Sturgell Makes His First Oshkosh Appearance As
He came, and he talked... and he left many still unsure of what
kind of FAA Administrator Robert Sturgell will turn out to be,
should he be eventually confirmed for the job he now tenuously
holds with the qualifier "Acting" in front of his title.
Sturgell has been at AirVenture for several days, but he's kept
a relatively low profile. (He was present at a Monday meeting of
Congressional members with ties to aviation, for example, but he
declined to speak at it.) That's a marked departure from his
predecessor, Marion Blakey, who seemingly sought out bright lights
and microphones at every opportunity.
In his opening comments, Sturgell's low-key, affable nature
played well to the middling crowd at Thursday's forum... which was
a far cry from the packed houses Blakey drew during her tenure,
with several rows of seating in the Honda Pavilion left empty. But
Sturgell -- himself an accomplished military and commercial pilot,
another difference from his former boss -- knew how to appeal to
After allowing other FAA personnel in attendance to introduce
themselves (which led to a good-natured game of "whose ties to GA
are strongest?" during their intros) Sturgell paid heed to the four
winners of the FAA's General Aviation Awards Program for 2008: CFI
Max Trescott, FAAST Team Member John Teipen, Maintenance Technician
Mike Busch, and Avionics Technician Tim Adkison, who received their
honors Wednesday night at a Theater in the Woods presentation.
Sturgell then got down to business, giving EAA members some
insight into his position on the so-called "51 percent" rule, and
the FAA's efforts to modify it.
"As you know, we've got a proposed policy change for
homebuilts," Sturgell said. "It's come to our attention that some
companies may be skirting the letter of the law by selling a kit
that requires nothing more than two turns of a screwdriver. For
safety's sake, we just can't allow that. It's not right, and it
circumvents the very safeguards that are put in place to protect
everyone in the system.
"When we say that '51 percent of the plane has to be put
together by the builder and not the kit maker,' we mean it," he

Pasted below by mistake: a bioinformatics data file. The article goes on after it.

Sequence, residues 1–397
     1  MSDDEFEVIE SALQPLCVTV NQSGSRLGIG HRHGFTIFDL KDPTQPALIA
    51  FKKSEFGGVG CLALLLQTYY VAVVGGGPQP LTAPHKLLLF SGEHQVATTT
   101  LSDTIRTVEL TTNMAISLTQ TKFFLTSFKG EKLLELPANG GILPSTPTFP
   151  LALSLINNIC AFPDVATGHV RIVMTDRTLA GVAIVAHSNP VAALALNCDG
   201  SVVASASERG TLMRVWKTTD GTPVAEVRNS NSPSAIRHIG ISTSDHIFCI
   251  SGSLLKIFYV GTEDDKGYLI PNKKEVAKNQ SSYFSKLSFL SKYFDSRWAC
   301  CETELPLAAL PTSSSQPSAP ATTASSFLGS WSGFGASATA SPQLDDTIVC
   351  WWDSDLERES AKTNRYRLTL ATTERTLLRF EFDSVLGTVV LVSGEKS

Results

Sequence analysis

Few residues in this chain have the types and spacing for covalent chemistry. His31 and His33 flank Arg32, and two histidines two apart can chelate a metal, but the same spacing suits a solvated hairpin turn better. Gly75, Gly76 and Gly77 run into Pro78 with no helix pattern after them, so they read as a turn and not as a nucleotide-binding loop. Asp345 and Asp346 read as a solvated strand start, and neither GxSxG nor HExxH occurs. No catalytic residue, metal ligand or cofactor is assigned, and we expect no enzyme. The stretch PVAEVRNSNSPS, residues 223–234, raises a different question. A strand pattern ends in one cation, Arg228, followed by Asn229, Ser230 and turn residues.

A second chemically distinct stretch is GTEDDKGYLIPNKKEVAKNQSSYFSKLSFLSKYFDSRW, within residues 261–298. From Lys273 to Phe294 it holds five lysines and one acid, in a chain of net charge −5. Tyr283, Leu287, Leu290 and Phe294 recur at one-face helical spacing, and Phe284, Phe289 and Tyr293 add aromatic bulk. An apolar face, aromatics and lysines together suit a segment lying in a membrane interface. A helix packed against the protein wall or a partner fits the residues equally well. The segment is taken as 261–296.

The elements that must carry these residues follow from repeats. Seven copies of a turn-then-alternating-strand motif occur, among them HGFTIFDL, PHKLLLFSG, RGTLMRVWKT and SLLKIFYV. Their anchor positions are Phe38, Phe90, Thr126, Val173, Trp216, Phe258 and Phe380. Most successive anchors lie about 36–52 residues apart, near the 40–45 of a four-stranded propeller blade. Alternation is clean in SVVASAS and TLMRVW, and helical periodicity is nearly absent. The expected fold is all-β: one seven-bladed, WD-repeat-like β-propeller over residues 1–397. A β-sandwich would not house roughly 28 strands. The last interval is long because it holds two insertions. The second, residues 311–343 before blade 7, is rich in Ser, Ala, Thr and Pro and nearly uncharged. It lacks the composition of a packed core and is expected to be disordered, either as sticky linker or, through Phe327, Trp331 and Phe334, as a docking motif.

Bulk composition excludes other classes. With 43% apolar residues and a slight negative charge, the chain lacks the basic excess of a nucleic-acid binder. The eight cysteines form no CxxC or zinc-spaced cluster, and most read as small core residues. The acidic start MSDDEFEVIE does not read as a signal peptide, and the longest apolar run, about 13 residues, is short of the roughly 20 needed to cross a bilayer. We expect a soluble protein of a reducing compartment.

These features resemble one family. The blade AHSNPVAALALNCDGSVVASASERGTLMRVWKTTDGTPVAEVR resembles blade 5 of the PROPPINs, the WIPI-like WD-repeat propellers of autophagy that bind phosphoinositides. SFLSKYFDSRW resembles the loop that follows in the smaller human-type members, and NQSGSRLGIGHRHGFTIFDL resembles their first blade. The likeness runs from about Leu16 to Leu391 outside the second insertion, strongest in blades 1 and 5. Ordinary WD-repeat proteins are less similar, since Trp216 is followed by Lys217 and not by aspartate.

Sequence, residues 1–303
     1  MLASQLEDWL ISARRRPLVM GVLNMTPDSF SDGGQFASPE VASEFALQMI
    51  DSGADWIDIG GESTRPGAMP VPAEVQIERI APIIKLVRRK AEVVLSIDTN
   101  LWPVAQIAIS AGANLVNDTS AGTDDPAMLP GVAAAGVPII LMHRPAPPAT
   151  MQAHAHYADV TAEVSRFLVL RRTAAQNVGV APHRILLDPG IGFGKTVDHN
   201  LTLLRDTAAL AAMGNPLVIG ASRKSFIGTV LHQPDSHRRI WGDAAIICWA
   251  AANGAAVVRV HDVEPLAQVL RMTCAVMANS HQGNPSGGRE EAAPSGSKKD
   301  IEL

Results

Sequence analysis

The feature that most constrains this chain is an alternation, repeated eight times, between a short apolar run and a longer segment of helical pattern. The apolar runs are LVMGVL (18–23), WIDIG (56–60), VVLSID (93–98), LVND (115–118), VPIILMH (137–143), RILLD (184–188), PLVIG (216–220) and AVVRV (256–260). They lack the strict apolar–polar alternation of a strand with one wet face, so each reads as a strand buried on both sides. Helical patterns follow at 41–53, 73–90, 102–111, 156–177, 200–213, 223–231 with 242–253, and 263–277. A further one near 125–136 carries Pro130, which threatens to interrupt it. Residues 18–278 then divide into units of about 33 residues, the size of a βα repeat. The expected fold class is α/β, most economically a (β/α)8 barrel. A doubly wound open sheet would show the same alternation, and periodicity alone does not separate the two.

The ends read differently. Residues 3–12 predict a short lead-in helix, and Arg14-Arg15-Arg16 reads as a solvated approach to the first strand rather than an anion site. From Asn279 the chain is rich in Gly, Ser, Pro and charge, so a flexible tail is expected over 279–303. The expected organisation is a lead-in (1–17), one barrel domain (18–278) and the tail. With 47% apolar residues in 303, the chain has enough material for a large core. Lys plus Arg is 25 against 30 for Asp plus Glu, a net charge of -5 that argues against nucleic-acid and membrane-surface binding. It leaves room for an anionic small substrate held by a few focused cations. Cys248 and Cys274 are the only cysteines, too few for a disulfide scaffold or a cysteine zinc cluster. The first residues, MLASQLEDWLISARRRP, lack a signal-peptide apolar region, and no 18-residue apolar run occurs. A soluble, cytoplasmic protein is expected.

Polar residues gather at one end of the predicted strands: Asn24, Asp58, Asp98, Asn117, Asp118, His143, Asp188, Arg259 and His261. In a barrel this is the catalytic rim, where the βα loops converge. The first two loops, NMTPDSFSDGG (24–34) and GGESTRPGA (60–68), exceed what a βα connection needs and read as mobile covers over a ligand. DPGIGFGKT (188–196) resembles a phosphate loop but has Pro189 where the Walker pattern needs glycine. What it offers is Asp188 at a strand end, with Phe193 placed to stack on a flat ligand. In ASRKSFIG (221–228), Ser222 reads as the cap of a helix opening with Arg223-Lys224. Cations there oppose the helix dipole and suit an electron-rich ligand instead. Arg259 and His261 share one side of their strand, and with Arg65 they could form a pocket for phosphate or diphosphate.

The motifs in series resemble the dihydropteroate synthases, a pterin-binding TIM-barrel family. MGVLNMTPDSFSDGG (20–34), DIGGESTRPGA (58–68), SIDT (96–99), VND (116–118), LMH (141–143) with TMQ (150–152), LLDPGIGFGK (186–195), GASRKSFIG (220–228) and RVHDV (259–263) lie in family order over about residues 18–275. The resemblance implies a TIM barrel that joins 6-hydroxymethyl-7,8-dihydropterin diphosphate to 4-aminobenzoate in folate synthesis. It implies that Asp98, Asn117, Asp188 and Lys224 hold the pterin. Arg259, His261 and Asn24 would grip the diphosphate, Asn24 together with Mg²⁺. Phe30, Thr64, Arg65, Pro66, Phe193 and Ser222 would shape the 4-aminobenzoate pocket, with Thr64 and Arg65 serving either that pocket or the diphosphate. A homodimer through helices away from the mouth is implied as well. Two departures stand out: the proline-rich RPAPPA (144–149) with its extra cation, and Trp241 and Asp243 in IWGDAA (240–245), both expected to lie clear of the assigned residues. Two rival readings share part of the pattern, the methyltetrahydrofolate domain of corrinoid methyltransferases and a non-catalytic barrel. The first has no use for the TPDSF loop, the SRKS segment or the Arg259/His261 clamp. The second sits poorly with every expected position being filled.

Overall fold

continued. "In my opinion, 51 percent is appropriate. The aim here
of the policy change isn't to punish. It's for your safety and for
the integrity of the system."
That point segued into talk about the safety record of homebuilt
aircraft. "We've noticed a disturbing trend lately with
amateur-builts. Accidents and fatal accidents are increasing, both
in absolute numbers and in rates," Sturgell said. "In fact, the
fatal accident rate for this segment is three times as high as
Personal Use GA.
"We've got an active partnership with Tom [Poberezny, EAA
President] and his staff to try and bring these numbers down,"
Sturgell continued. "The General Aviation Joint Steering Committee
has formed a new subcommittee for amateur-built aircraft safety.
Earl Lawrence from EAA is co-chairing it, along with John Duncan of
Other members of the newly-created group, which met for the
first time Wednesday, includes GAMA [General Aviation Manufacturers
Association], LAMA [Light Aircraft Manufacturers Association], and
the Air Safety Foundation.
The need for such a committee seemed particularly apt. Though
few in the forum audience likely knew it at the time, Sturgell's
comments came within an hour of the fatal crash of a Lancair Legacy
on its final approach to land at Wittman Field... one of two fatal
accidents Thursday involving homebuilt aircraft nationwide.
Sturgell also addressed proposed changes to the light-sport
aircraft rule, and implored anyone with comments on the current
NPRM to weigh in. "Your feedback is vital to keeping the Light
Sport rule on course," he said. "We want to hear from you before
the comment period closes on August 13."
The administrator then turned his attention to matters of
interest to the pilot community as a whole -- the need for better
measures to prevent runway incursions, and recent FAA changes to
terms of first-and-third-class medicals for pilots under 40.
Sturgell then turned his attention to pitching the FAA's
much-ballyhooed "NextGen" air traffic control system.
"I can say that we're making solid progress," Sturgell said.
"The foundational technologies are either already in place or will
be soon enough. They include WAAS, which provides increased airport
access in reduced visibility conditions. We've published over 1,000
WAAS LPV procedures and we now have more of them than ILS
"RNP/RNAV are also making a difference. Look at what's going on
at DeKalb Peachtree Airport in Atlanta. The new RNP procedure will
support IMC operations to runway 2R to a 340-foot decision height.
This mitigates obstacles on the approach path and de-conflicts
traffic flows around Peachtree and Hartsfield."
Sturgell concluded his prepared remarks by noting the FAA is
rolling out ADS-B procedures at several GA airports in the
southeastern US, including Boca Raton, Lakeland Linder, and Dade
"So as you can see, we're moving confidently ahead with NextGen,
and it's with general aviation's well-being in mind," Sturgell
said. "Each and every one of you is a part of a remarkable history
that's being made at this very moment. If you want to know why it's
never been safer to fly, it's because of pilots like you. There's
nothing but blue skies ahead."